Love comes in all shapes and sizes, spanning the centuries and the globe – especially when expressed on paper. That’s precisely why the Newberry’s Love on Paper displays such an eclectic array of collection items, ranging from proclamations and pictures to cynical put-downs and comical send-ups of love.
The Newberry has been actively collecting genealogy and local history materials since 1887.
The Newberry has deep collections reflecting the breadth of American history and culture through World War One.
As a collection of Americana, the Edward E. Ayer Collection is one of the best in the country and one of the strongest collections on American Indians.
The Newberry’s collection on the history of printing and the book arts is one of the world’s leading collections in its field.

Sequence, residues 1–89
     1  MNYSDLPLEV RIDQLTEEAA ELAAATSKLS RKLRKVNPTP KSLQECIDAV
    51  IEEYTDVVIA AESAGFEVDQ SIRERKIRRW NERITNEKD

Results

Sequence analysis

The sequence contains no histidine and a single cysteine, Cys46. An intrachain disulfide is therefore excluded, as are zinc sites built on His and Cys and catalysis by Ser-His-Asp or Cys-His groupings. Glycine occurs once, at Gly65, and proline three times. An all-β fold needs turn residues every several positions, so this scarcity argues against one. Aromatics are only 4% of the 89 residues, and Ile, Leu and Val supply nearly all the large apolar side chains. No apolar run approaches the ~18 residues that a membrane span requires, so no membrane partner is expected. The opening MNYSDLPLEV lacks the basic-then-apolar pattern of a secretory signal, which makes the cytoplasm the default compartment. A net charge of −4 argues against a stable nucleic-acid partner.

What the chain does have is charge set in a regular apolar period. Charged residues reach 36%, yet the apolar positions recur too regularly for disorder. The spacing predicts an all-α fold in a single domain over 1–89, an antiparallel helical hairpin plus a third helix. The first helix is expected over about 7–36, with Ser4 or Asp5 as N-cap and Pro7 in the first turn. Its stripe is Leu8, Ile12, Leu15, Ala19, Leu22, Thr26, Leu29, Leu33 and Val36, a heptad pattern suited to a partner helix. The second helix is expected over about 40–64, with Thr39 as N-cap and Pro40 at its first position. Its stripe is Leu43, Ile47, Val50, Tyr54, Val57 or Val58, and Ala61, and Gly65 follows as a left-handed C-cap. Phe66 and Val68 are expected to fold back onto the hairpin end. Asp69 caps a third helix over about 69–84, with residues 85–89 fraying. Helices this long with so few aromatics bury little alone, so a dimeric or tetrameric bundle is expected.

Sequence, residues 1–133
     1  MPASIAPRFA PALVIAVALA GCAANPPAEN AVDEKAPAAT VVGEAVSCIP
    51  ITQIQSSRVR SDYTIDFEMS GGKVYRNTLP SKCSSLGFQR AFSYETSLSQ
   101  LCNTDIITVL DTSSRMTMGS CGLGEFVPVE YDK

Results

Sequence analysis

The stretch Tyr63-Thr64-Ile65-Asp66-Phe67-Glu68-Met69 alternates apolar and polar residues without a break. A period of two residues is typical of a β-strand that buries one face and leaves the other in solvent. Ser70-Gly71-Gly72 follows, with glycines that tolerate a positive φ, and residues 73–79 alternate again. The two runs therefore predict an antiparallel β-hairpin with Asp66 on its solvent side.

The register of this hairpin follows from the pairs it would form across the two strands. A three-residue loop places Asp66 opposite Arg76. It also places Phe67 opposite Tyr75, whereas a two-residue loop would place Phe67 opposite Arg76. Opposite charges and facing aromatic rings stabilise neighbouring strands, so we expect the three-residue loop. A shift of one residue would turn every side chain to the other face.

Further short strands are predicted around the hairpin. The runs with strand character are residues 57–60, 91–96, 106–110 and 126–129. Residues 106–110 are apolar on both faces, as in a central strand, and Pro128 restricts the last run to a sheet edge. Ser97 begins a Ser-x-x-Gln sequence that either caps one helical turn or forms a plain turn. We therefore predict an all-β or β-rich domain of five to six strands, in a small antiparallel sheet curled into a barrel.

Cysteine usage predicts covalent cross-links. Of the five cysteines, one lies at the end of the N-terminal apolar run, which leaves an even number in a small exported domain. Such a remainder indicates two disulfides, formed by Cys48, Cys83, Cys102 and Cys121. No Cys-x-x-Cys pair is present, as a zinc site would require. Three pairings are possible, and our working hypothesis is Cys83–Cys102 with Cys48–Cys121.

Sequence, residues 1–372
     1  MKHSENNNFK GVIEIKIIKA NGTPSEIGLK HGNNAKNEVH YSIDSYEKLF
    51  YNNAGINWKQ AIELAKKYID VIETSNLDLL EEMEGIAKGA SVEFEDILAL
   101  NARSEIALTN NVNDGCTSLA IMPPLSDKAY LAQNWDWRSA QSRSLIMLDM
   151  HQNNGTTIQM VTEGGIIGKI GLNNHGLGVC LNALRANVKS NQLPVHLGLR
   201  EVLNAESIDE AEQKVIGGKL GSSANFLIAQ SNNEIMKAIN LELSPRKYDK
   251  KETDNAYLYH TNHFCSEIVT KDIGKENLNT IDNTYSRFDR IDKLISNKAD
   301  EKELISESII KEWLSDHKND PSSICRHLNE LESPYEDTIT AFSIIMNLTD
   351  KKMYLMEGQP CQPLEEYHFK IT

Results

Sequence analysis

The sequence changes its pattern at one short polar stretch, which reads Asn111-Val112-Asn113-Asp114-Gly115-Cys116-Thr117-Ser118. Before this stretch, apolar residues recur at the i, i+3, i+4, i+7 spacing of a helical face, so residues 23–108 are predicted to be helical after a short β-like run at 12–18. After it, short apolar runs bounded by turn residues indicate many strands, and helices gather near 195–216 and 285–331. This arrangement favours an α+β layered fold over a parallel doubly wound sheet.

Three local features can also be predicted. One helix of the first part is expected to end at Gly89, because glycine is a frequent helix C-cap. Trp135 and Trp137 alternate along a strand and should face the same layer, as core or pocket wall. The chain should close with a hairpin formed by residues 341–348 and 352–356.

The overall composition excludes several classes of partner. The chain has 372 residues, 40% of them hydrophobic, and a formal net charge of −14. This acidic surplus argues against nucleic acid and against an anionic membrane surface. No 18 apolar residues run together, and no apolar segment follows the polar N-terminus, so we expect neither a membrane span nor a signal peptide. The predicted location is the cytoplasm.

From the Stacks
Valentine’s Day is known as an occasion for exchanging loving sentiments. Whether you send flowers, chocolates, or a handwritten card, these gifts express feelings of adoration for their recipient. But this mode of address has not been immune from more irreverent sensibilities. The Newberry’s newest exhibition, Love on Paper, demonstrates the ways in which the valentine tradition has not always been so saccharine and sweet.
Magazine editor and art critic Gleeson White was already experiencing holiday-card fatigue by the end of the nineteenth century. He estimated that at least 200,000 Christmas-card designs had been published in England alone at that time. “How many thousand patterns have passed under my eye,” he sighed in the introduction to his pamphlet Christmas Cards and Their Chief Designers, “I dare not estimate.”